I believe it's to do with the magical way in which
+ is overloaded for reals. To me, this almost verges on being a compiler bug, although I would have to look at the SML97 definition to see exactly what the correct behaviour is meant to be. The overloading over
+ is something of a nasty dark corner in SML, IMHO.
For example, if you define a function that is of type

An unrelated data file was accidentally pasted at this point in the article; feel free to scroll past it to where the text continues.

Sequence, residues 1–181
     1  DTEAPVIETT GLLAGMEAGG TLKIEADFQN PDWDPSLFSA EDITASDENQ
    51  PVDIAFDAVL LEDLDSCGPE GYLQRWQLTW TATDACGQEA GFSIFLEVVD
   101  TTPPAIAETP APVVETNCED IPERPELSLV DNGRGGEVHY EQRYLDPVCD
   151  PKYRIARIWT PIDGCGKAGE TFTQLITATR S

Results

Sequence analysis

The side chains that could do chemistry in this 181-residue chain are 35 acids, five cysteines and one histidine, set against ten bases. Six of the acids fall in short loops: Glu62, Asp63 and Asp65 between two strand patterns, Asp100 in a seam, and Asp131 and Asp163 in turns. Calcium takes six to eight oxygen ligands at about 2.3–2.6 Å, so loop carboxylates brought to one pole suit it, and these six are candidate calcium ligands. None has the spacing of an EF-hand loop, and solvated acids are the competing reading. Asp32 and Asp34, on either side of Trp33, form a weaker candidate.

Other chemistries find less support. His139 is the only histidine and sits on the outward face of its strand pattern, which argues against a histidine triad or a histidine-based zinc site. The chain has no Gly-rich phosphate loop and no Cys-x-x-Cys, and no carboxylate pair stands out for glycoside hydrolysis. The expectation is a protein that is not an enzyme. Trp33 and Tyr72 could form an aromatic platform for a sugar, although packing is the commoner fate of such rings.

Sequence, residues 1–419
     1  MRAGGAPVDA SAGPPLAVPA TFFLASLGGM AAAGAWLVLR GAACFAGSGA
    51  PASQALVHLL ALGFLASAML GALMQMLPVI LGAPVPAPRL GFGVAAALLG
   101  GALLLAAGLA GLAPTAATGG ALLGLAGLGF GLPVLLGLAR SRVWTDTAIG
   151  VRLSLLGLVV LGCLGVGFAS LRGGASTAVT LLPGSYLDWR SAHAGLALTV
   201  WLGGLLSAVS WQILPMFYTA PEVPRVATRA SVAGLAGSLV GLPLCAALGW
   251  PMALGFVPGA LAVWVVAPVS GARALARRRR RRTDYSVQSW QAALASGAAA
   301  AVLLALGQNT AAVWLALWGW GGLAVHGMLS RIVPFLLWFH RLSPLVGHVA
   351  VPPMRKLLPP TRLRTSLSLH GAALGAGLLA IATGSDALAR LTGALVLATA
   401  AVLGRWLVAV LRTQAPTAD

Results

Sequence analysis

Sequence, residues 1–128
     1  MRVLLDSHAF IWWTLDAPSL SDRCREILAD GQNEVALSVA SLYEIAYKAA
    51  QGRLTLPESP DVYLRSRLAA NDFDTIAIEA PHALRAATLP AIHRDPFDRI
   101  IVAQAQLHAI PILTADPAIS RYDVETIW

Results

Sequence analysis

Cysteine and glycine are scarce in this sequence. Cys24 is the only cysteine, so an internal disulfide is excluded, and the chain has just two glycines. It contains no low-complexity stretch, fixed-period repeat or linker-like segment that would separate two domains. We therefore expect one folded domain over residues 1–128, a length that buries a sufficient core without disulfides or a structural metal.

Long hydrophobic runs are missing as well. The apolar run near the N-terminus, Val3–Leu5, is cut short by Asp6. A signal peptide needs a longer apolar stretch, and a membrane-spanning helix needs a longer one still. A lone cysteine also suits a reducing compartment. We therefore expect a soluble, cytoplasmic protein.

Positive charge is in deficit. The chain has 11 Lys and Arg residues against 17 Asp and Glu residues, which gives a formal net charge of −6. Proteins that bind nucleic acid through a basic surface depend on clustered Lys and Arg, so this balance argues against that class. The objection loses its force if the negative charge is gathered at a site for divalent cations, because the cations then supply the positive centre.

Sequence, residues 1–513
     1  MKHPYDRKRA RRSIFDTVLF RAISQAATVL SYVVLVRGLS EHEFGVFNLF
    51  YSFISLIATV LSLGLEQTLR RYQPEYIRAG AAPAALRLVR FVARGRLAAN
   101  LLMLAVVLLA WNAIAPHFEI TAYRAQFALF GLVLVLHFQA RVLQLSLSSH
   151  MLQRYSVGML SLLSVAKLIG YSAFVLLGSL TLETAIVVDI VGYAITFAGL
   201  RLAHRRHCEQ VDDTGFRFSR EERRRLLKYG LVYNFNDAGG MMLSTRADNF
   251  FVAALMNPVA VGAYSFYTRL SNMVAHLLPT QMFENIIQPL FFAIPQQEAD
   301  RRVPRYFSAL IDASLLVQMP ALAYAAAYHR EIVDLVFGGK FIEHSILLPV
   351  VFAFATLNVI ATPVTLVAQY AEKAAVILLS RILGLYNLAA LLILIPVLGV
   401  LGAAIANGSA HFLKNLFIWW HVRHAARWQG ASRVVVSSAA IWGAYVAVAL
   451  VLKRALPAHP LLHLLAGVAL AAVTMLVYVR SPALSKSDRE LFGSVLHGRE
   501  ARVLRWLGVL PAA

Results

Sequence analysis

real * real -> real and pass that as an argument to
foldr2 you get the type error you were expecting:
fun f (x : real * real) = 134.5 foldr2 (f, [1.4, 2.25, 7.0]) stdIn:8.1-8.29 Error: operator and operand don't agree [equality type required]
You can even induce the type error if you just add a type annotation to
op +, which basically led me to the conclusion that it is the overloading of
+ that is causing the mysterious effect.